"All I can say I am very happy with the Supreme Court decision and I hope the decision helps millions of Americans preserve their right to have reasonable expectation of privacy," Jones told Walker in a phone interview this month. "The ruling came right on time because who knows how many American citizens the government continues to track and monitor for weeks and months without a warrant. Even some of the men here in prison with me have warrantless GPS issues, like a friend of mines named Sigmund James. The government tracked his vehicle for 14 months."

James was convicted in a massive cocaine trafficking case in Orangeburg, South Carolina, an operation called "Bitter Orange." Like Jones, James was sentenced to life without parole.

Jones said he expected to be released after the Supreme Court decision and that he was "shocked" when Leckar told him prosecutors were seeking to retry him or get him to accept a plea bargain.

"Matter of fact, I thought once the mandate was released, I would be freed from prison right away," Jones said, "but Mr. Leckar said the government will never let me go unless I beat them at trial."

"The government is permitted to retry the conspiracy charge, provided they don't use the GPS evidence," Leckar told Walker. "But there are a number of other serious legal issues that must be resolved including whether drugs and cash said to be from a stash house could be admitted," he explained. "But like I told Antoine, the feds have no intention of letting him go and that they will probably retry him on the evidence that was not obtained by the GPS tracker."

Jones got a sentence of life without parole the first time around, Leckar noted, and if he loses a second time, he could face the same sentence. But Jones is not ready to compromise. Instead he is going to fight, both in the criminal courts and the civil courts.

Jones filed a pro se civil suit against numerous law enforcement agencies alleging numerous abuses, but that jailhouse lawsuit was dismissed by the US District Court for Washington, DC, in 2009. Now, however, Jones is refiling, and he has professional legal assistance this time. He is being represented in the civil suit by the DC law firm of Miller & Chevalier.

"The federal authorities know they not only violated my civil rights, and my wife's and son's rights, but they lied on the witness stand, and they burglarized my home and warehouse," Jones charged. "And so now that I have attorneys representing me in the civil suit against the government, they want to wrongfully convict me again to cover up their lies and the crimes they committed during the investigation of my case. The feds know what they have done was wrong."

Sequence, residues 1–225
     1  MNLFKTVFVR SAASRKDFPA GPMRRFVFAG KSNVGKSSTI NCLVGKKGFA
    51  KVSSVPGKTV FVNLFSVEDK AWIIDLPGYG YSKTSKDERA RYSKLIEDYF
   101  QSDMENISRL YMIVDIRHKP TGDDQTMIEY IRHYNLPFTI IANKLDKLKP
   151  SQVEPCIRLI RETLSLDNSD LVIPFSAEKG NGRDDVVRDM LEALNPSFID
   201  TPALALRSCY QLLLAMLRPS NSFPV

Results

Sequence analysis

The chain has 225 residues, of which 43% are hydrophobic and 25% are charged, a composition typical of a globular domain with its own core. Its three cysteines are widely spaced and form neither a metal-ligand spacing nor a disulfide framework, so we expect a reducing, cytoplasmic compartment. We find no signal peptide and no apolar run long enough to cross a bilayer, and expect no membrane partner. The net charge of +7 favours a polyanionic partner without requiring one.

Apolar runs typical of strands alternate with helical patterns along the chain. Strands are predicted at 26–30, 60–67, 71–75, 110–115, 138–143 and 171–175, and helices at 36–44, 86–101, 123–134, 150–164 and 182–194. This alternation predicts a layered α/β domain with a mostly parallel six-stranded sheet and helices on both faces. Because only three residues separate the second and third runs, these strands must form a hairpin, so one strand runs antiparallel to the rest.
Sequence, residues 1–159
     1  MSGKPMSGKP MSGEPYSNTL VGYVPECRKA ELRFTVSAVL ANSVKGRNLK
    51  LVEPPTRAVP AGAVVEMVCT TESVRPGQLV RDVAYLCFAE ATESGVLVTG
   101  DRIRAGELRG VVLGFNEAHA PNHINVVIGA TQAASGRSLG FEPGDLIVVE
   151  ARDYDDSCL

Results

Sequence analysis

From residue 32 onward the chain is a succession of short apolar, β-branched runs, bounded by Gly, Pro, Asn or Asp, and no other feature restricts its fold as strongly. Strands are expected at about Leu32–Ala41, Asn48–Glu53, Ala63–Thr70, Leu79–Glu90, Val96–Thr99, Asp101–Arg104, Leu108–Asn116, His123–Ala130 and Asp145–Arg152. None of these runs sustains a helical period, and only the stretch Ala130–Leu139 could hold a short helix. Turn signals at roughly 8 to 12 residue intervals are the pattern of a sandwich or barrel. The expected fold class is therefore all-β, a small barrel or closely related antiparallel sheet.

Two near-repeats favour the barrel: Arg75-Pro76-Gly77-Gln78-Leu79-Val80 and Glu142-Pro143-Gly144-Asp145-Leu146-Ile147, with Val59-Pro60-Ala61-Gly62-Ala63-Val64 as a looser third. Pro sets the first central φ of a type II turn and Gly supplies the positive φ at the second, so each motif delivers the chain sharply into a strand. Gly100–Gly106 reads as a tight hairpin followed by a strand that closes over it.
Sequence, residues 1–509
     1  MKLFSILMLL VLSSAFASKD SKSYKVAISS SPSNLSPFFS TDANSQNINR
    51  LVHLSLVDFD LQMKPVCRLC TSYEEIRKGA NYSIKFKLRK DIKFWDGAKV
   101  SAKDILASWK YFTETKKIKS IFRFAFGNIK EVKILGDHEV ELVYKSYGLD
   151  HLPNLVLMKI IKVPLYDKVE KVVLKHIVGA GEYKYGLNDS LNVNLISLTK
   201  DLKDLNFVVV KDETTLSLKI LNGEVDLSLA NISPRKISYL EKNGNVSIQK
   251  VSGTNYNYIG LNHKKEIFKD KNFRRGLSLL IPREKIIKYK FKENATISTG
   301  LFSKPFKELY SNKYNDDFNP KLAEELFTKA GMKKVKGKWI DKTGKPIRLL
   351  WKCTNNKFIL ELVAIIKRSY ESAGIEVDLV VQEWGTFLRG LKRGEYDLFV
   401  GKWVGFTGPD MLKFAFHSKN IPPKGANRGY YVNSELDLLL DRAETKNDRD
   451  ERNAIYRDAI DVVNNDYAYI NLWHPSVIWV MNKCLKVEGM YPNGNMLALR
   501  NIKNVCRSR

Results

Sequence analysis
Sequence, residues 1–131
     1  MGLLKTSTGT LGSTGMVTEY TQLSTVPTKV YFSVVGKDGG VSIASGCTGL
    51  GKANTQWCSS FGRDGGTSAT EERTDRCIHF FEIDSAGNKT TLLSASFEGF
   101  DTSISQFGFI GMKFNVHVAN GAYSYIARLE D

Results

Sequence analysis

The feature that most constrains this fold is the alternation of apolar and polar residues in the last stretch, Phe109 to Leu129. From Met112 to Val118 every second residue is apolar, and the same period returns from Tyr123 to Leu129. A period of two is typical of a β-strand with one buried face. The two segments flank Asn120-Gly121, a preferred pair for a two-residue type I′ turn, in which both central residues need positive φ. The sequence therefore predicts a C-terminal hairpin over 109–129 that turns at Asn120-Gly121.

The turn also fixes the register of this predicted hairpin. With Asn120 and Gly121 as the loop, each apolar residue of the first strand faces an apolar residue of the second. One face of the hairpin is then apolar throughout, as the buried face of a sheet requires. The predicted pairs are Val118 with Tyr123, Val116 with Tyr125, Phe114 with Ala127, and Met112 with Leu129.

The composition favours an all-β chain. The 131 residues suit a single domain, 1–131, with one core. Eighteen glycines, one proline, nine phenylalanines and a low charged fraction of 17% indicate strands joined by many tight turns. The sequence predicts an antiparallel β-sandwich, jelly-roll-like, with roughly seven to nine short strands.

Jones is not only on the offensive with the civil suits. He has also filed obstruction of justice complaints with the Justice Department's Office of Professional Responsibility and the Office of the Inspector General. He is alleging that FBI and ICE agents committed various illegal acts in attempting to nail him, including falsifying federal reports, conducting searches without a search warrant, planting evidence, forging signatures on search consent forms, and perjury.

GPS satellite
"Since Mr. Leckar said the government will never let me go unless I beat them in trial. I will focus on my civil rights complaints against the Feds and make sure my wife, son and mother-in-law pursue their civil right suit as well," Jones explained. "The civil suits and obstruction of justice complaints could get the federal agents and the police prison time if they are indicted and found guilty."

Purvis Cartwright, a former federal prisoner and highly respected Houston, Texas-based writ writer who has been closely monitoring the GPS case, told Walker that Jones may have made a mistake by suing the federal government because now prosecutors will come back at him very hard to convict him by using "snitchers" to testify against Jones, snitchers that Jones never met.

Cartwright called that strategy a "get on board" scheme, a way for informants to get their sentences reduced by helping prosecutors. "A rat don't have friends," he said, "only victims."

So far, one high-profile snitch has already gotten on board to help convict him in his upcoming retrial, Jones said. He said Leckar told him the government is planning to call a high-level Mexican drug dealer to say he shipped large loads of cocaine to him.

"I've never met nor talked with the guy in my whole life and he never testified in either of my trials," Jones said.

"The feds, like the DEA and FBI, have snitchers in the joint," Cartwright explained. "They will go to these guys and tell them they are trying to get something on a particular guy and then the feds will share with the snitchers some important background information about the target and next thing you know they ready to testify in court against someone they don't even know," he said. "This is rampant in the federal joint."

"The government still thinks they have a case, but they must have forgot what the Court of Appeals stated in their opinion," Jones said, before quoting word for word: "The evidence linking Jones to a conspiracy was not strong, let alone overwhelming, and the government did not have a drug transaction in which Jones was involved, nor any evidence that Jones possessed any drugs."

Prosecutors are reportedly offering a plea deal that would result in a 12-year federal prison sentence for Jones, but he isn't going to take it despite the possibility he could once again doing life without parole. He maintains his innocence, he said.